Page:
Subcommand-based interfaces are common: the majority of the CLI tools that provide more than one operation within them expose their features in this manner. Examples of such interfaces include
apt-get and many, many more.
Designing the interface of these applications is quite straightforward once you have the concepts clear, but there are quite a few common pitfalls that you need to be aware of to prevent falling into them. In this post, I will guide you through what the general design of such interfaces is and I will cover a bunch of the common problems. Let’s get started.
The general syntax of a subcommand-based interface is simple:
tool [general options] command [command options] [command arguments]
where square brackets denote optionality as usual.
There are two extremely important takeaways from this definition:
- Anything that comes before
commandmust be applicable to all the commands and cannot change the behavior of any individual command without also changing the others.
- Anything that comes after
commandis specific to that command and that command only.
It is your responsibility to make this distinction explicit in the implementation of your interface. In general, this is easy as most command-line parsing libraries will let you chunk your command-line parsing in the two distinct blocks.
However, I must call your attention to GNU Getopt’s odd behavior in that, by default, it does not stop searching for options once it encounters the first non-option argument. This makes the chunking of generic options vs. command-specific options trickier, but not impossible. To get GNU Getopt to behave as expected, you need to select POSIX-compliant behavior as described in the GNU Getopt manual. Unfortunately, doing so causes incompatibilities with other implementations so you may need a nasty Autoconf check to detect this situation if you want to remain portable.
Repetition is OK
In a subcommand-based application, it is common for a group of—but not all!—subcommands to require similar pieces of information. In this situation, it is perfectly fine the implement the same option as a command-specific option in all the subcommands that take it.
Let’s consider the interface of Kyua as an example. In this interface, we have generic commands like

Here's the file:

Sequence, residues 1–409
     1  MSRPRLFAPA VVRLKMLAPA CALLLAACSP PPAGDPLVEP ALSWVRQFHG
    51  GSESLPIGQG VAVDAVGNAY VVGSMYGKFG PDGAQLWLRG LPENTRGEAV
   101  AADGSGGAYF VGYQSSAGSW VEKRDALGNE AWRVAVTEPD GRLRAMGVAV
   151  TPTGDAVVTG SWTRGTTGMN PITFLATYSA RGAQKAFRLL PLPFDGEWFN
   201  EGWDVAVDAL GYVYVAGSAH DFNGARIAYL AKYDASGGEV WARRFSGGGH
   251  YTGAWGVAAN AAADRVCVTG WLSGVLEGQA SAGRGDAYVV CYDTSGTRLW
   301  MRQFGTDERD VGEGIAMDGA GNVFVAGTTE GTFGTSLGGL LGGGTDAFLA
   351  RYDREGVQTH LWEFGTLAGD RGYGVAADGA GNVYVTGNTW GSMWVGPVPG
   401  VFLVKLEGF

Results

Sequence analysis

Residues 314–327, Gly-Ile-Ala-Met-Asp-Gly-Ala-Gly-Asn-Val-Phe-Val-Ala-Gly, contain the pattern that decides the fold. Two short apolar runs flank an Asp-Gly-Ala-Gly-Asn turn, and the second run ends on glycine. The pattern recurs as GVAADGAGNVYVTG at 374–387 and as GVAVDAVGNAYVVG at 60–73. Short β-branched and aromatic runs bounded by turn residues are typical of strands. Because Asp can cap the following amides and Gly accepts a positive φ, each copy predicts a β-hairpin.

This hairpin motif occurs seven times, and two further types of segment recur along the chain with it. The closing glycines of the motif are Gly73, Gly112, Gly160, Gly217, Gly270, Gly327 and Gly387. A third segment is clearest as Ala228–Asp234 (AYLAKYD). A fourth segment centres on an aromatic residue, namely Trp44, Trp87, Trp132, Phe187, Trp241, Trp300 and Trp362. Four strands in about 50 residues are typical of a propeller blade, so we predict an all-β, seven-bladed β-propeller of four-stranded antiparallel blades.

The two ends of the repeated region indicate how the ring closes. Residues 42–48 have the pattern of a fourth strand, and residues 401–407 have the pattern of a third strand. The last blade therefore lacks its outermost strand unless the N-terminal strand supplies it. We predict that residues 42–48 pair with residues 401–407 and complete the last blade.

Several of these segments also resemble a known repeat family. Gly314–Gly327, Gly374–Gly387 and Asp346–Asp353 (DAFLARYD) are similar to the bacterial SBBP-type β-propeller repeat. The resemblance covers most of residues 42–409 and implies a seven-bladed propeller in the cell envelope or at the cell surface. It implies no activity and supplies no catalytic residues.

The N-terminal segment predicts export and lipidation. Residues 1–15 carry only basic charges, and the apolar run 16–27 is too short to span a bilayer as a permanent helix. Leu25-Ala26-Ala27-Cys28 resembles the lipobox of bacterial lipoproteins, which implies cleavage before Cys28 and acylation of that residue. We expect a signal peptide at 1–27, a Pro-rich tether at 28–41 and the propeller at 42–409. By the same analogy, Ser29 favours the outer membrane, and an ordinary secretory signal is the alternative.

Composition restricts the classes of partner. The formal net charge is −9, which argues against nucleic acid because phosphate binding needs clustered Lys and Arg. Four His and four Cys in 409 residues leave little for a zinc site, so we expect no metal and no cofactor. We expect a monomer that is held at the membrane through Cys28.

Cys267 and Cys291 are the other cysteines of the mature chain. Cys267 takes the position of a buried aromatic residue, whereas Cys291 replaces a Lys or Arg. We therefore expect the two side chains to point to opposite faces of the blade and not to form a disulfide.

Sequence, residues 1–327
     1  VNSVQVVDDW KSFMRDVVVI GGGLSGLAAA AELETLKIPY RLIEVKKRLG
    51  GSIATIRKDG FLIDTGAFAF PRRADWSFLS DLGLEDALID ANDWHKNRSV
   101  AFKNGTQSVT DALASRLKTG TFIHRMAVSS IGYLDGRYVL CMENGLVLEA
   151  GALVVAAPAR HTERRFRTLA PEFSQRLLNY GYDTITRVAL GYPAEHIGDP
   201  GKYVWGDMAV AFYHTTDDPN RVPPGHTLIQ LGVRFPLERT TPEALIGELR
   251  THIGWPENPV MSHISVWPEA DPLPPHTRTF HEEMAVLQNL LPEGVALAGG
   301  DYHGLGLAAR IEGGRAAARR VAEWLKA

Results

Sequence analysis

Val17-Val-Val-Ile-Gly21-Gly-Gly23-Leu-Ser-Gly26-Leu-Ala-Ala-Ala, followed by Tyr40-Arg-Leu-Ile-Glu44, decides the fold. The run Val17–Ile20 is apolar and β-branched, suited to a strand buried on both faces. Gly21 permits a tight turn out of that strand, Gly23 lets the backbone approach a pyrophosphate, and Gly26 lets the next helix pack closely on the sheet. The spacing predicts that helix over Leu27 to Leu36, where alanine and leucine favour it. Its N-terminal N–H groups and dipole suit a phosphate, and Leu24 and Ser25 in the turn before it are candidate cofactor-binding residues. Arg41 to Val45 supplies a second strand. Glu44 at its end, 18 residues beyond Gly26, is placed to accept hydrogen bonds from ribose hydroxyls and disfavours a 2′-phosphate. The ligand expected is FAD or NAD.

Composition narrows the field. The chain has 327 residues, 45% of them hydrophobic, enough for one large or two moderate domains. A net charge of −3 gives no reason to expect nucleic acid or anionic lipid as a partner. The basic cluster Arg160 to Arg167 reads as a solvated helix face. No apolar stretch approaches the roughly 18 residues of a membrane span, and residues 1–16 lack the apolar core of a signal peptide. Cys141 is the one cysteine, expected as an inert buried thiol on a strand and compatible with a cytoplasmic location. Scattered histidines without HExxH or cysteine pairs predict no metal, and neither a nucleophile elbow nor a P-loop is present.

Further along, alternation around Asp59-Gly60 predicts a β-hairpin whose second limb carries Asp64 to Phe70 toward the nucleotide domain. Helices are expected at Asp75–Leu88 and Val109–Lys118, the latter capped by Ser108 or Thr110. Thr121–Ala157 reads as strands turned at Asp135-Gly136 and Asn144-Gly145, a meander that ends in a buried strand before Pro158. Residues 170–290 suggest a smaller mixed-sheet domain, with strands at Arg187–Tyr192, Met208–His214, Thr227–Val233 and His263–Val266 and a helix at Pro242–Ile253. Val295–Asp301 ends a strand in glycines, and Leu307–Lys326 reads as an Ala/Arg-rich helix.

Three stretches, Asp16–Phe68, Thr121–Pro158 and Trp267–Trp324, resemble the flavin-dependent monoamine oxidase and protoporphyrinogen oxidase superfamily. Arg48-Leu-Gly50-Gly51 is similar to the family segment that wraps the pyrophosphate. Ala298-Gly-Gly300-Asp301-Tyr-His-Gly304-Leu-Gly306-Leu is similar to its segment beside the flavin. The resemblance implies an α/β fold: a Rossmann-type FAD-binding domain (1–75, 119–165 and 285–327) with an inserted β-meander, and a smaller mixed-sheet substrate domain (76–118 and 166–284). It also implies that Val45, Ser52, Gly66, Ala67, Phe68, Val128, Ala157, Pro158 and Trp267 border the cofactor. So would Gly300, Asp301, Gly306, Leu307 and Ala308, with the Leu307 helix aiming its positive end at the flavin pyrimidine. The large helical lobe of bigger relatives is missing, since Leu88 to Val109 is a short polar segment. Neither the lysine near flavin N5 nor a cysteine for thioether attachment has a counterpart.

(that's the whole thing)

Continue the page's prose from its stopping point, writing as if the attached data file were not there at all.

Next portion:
config that do not access the test database, and commands like
report that do access it. All of the subcommands that read from or write to the tests database need a path to the database, and because this path has a reasonable default, it makes sense to let the user tune the path via a flag.
A common temptation would be to offer the interface just described as:
kyua [--store=file] config|debug|help|test
but that would be a really poor choice. This interface definition implies that the
--store flag applies to all of the subcommands, which is not true.
config wouldn’t care less about the path to the database file and, effectively, providing that flag to these commands would have no visible effect.
A better definition would be the following:
kyua config|help kyua debug|test [--store=file]
which very clearly denotes what each subcommand is affected by. It is therefore OK to expose a subset of flags across various subcommands as long as those flags are specific to the subcommands.
So why do you often see invalid interfaces like the former? Because it is much easier to implement them: calling getopt twice is not as easy as it may seem.
Lastly, there are two additional details to keep in mind: first, make sure that the behavior of such options is exactly the same in all of the commands in which it exists; and, second, reuse the parsing code as much as possible.
In a previous post, we learned that the user should only be shown help when he explicitly requests it. So how do we expose this in a subcommand-based interface?
Easy: asking the program to show help is a completely different behavior than that of any other command. For this reason, the only reasonable approach to fit the request for help in the design of a subcommand-based interface is to offer the help as a separate subcommand which you can appropriately call
Following this rationale, the simplistic form of the help request would be:
It is easy to imagine that we could extend this syntax to support additional functionality and thus offer a more complex builtin help system. For example:
tool help [command name]
With this syntax, we could allow the user to request help on any individual subcommand.
Be aware, however, that all of the following are bad choices yet they are quite widespread:
tool --help # Abuses flags. tool command --help # Abuses flags. tool --help command # Abuses flags and their ordering. tool command help # help is not a subcommand of the command!
Requesting the version number
Similarly to the previous point on how to request help, requesting the version number of the application is also a completely different behavior than anything else. Consequently, this feature must be implemented as a separate subcommand.
The only way you can fit the request for the version number in your subcommand-based application without break consistency is by implementing a syntax like this:
Or, if you want to generalize this, you could expose the version and other useful information (like license text, authors, etc.) in an
about subcommand just like Kyua does.
But yes: exposing the request of the version number via a
--version flag is wrong in this type of interfaces.
Subcommand-based interfaces are the most complex of CLI styles given that, conceptually, they bundle many tools under a single roof. However, due to the flexibility in their design, it is possible to achieve a very straightforward and orthogonal interface with which users are already familiar with.
In the next post, I will cover the simpler style of a CLI in which the tool only exposes a single command. Things get slightly trickier there due to the additional implementation constraints.